HAPPY, HAPPY: Crazy couple swapping on a snowy Norweigan hillside
Set on a snowy, Norwegian mountainside, HAPPY, HAPPY – a World Cinema Jury Prize winner at this year’s festival – tells the story of Kaja, a wife and mother who eagerly seeks friendship in Elisabeth and Sigve, the exciting (they adopted an Ethiopian boy!) and precariously tall couple coming to live in their guest house. Kaja’s obvious longing for affection is due in large part to the negligence of her husband, a latent homosexual whose “hunting excursions” and weird, outdoor Tee-Pee of Solitude – called a “lavoo” in Norwegian – ain’t fooling nobody. Soon, Kaja’s need to please bumps up (literally) against Sigve’s desire to be taken seriously by his wife, whose dalliances back in the city instigated their move to the mountain in the first place. A few sweaty rolls on the floor later and a couple-swap has taken place. Oh, and there’s some really messed up stuff going on with the kids, one of whom tries to “enslave” the other by beating him with a wet dish towel.
This doesn’t sound like the kind of flick one would typically describe as “happy, happy,” but bizarrely, the characters all remain implausibly civil (except for one awkward, snowy fight scene between Sigve and Kaja’s husband, Eirik, that ultimately ends in hugs), eating together at Christmas, calmly swapping bedrooms, etc. Perhaps the Norwegian title is more revealing: Sykt Lykkelig, which translates to “insanely happy,” goes a long way towards describing Kaja, who just keeps grinning even after her husband has left her to go sleep in his igloo thingy. According to director Anne Sewitsky, a recent graduate of the Norwegian Film School in Lillehammer, this is precisely the quality that makes Kaja admirable. “I wanted to tell the story of an insistently happy person,” she says. “No matter how hopeless and tragic the world may be, she smiles. Kaja lives through others, wants to be like everyone else, maybe for want of individual foundations. Her driving force becomes happiness, she’s made joy her survival strategy.”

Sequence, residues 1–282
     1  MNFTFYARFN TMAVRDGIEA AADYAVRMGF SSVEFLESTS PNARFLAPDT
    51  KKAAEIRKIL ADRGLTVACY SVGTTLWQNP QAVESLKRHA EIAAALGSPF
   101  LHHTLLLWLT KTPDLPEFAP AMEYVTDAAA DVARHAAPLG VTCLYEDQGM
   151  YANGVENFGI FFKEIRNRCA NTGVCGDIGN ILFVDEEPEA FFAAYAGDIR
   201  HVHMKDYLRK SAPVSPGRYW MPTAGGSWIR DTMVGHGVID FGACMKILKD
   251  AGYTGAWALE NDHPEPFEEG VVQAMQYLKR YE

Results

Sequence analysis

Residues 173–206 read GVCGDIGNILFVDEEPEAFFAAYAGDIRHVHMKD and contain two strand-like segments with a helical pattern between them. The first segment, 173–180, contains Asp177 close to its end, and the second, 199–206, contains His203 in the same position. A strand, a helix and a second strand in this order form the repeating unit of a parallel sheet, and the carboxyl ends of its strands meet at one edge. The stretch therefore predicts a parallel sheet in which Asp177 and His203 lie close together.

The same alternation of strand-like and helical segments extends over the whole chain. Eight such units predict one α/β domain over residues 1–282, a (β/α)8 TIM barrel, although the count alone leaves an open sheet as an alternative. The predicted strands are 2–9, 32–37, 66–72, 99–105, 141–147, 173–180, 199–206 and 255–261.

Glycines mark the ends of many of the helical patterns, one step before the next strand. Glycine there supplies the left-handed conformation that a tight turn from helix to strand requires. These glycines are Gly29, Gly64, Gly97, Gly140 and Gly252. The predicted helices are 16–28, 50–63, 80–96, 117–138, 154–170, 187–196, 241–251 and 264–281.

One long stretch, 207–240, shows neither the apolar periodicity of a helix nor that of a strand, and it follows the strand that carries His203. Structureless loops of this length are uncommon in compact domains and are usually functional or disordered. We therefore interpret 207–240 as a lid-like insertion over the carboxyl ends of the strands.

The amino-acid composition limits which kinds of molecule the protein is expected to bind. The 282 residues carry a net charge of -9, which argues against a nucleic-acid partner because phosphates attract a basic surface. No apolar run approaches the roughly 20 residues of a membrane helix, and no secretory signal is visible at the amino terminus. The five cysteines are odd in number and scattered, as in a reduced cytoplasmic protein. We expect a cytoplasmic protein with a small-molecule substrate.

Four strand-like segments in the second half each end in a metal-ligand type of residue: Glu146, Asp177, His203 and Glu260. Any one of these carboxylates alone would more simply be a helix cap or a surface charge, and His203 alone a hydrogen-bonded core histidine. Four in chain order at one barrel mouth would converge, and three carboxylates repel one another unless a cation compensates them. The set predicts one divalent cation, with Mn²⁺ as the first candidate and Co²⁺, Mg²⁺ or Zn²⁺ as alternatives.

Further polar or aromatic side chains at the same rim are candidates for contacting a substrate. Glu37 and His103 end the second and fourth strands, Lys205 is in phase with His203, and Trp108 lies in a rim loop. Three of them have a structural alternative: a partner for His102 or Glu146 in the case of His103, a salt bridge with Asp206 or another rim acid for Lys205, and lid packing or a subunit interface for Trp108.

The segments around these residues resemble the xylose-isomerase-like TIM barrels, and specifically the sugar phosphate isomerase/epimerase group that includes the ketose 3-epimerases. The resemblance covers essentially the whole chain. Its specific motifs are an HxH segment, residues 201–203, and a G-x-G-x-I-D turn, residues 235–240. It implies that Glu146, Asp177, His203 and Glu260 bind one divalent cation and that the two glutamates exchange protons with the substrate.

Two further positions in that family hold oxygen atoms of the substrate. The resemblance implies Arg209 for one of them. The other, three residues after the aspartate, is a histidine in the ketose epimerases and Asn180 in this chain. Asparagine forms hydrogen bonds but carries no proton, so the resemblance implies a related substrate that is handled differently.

Happily, there’s no survival strategy required for watching this film, even as the characters start to untangle the emotional mess they’ve made. I was somewhat surprised, however, to see in the program that HAPPY, HAPPY was billed as a black comedy, so serious is some of its content (particularly the disturbing kid-slave stuff). Nonetheless, I did fail to suppress a few giggles when Kaja abruptly dives into Sigve’s trousers with the furious dedication of a gopher digging into its spring hidey-hole, and again when the adulterating couple go for a naked romp in the snow, weenies wagging. If that image alone doesn’t sell DVDs, I don’t know what will.